The Mirror Season by Anna-Marie McLemore
For a heartbreaking but beautiful story and way of writing, for revelations that constantly hurt more
When two teens discover that they were both sexually assaulted at the same party, they develop a cautious friendship through her family’s possibly magical pastelería, his secret forest of otherworldly trees, and the swallows returning to their hometown, in Anna-Marie McLemore’s The Mirror Season…
Graciela Cristales’s whole world changes after she and a boy she barely knows are assaulted at the same party. She loses her gift for making enchanted pan dulce. Neighborhood trees vanish overnight, while mirrored glass appears, bringing reckless magic with it. And Ciela is haunted by what happened to her, and what happened to the boy whose name she never learned.
But when the boy, Lock, shows up at Ciela’s school, he has no memory of that night, and no clue that a single piece of mirrored glass is taking his life apart. Ciela decides to help him, which means hiding the truth about that night. Because Ciela knows who assaulted her, and him. And she knows that her survival, and his, depend on no one finding out what really happened.
This book took me a long time to actually read because I knew it would be difficult. How could a book about a girl who was sexually assaulted, at the same time as a boy was as well at the same party, be anything but? There’s some magical realism in here that helps, mercifully, to distance and navigate the the pain. It does so much more than that, but for me it was extremely helpful in that way too.
The writing itself is truly lovely. It manages to be delicate and creative with comparisons and imagery, while still being crystal clear about the events and the pain each characters is dealing with. It almost feels like a poem at times, and there are some scenes — I’m thinking the garden — that were so well evoked in feeling that I felt it surrounding me. I was utterly transported.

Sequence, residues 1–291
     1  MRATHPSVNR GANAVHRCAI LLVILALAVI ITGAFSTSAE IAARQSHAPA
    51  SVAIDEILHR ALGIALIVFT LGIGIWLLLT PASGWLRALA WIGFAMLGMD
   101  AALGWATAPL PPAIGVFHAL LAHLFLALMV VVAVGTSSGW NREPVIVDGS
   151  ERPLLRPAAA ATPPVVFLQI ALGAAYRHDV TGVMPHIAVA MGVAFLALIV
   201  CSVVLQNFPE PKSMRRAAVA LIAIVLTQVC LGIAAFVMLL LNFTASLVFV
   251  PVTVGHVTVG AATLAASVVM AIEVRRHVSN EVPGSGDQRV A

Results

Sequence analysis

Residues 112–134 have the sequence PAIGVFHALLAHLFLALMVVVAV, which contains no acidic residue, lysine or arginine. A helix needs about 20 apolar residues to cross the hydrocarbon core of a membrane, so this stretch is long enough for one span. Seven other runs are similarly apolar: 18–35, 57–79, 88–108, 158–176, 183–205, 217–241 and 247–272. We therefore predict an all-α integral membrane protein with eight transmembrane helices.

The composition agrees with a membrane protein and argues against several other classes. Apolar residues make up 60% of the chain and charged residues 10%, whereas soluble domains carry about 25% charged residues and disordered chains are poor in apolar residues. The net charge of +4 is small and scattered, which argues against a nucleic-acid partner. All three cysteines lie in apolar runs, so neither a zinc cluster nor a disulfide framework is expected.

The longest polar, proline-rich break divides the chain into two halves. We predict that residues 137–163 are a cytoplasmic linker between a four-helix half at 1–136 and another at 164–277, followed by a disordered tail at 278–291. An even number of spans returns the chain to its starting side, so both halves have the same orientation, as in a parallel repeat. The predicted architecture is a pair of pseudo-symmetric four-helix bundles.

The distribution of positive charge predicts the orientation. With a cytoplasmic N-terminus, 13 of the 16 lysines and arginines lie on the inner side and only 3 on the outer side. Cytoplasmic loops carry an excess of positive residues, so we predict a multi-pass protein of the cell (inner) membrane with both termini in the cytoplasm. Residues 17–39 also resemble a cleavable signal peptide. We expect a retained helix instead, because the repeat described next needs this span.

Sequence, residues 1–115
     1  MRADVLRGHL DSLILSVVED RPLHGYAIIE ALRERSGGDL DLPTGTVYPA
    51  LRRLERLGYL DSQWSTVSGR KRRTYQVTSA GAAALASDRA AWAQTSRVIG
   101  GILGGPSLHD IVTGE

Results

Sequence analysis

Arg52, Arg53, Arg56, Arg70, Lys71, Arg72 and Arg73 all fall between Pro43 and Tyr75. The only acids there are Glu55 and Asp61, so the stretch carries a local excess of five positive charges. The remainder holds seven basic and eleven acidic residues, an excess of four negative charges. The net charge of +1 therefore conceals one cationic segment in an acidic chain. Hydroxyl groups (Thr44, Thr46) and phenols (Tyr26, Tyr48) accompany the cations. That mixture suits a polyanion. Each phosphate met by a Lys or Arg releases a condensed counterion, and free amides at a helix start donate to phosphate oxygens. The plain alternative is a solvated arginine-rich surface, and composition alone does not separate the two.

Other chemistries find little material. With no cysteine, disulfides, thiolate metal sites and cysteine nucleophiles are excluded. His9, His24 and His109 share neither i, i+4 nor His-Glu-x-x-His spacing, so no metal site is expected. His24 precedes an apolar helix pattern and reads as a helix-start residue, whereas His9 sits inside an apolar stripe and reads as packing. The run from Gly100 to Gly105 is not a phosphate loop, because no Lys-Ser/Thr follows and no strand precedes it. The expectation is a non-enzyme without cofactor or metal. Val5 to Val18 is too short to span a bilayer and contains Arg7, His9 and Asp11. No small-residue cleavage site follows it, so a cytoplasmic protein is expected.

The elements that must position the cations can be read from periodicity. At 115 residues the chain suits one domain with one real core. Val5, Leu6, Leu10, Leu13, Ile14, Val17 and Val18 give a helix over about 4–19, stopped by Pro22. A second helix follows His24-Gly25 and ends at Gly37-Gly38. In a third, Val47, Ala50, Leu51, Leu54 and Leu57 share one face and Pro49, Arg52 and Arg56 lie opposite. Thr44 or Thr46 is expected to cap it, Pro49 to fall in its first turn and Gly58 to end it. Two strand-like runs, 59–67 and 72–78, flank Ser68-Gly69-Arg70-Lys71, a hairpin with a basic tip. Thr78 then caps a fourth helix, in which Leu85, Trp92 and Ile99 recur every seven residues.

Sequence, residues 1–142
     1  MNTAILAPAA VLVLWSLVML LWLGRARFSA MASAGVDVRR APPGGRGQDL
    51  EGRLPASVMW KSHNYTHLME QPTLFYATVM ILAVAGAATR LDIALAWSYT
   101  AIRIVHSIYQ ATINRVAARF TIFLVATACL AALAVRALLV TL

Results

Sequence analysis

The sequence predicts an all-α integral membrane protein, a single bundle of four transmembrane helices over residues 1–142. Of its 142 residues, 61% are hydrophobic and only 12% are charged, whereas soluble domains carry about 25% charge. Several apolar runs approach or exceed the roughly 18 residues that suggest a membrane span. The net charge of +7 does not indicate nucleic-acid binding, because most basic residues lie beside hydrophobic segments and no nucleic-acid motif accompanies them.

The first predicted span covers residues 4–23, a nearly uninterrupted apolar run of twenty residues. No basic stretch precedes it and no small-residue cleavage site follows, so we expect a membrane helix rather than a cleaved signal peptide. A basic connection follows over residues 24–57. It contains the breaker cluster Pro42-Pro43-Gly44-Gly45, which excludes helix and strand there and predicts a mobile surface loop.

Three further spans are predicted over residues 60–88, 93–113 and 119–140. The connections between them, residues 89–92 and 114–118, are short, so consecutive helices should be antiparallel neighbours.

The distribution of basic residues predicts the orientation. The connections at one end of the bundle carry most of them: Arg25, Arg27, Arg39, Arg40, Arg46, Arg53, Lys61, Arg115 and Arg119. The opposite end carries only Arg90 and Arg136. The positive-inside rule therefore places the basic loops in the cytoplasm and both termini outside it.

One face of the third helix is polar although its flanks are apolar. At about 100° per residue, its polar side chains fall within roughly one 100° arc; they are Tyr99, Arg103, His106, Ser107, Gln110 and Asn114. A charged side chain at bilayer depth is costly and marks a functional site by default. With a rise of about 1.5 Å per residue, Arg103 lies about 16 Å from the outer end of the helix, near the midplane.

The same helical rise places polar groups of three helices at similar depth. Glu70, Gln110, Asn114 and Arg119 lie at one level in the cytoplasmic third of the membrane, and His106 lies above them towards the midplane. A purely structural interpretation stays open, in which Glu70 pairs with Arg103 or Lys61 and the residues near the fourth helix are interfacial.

The plot evolves constantly. The details of what happens is hazy for the characters at times, as well as the reader. Each change caught me off guard and hurt that little bit more for them. My experience mirrored Lock’s a lot more than Ciela’s, despite the narrative coming from her perspective. Even being in her head, Ciela kept a lot of things secret and close to her.
This is a review I struggle to write, because of the nature and topic of the book. But this is the best I can convey.
Thank you Alicia for gifting me this book!! Say hello @ A Kernel of Nonsense 😊
6 thoughts on “Review: The Mirror Season by Anna-Marie McLemore”
I’ve enjoyed the McLemore book I read (Dark and Deepest Red) but I’ve been hesitating on this one because I know it will be difficult. I do want to pick up more of their work, though!
LikeLiked by 1 person
It wasn’t quite as hard as the topic can be, but it’s never easy, right? There was a lot of beauty in it too though
That’s good. But including the beauty is what I would expect from what I’ve seen of McLemore’s work.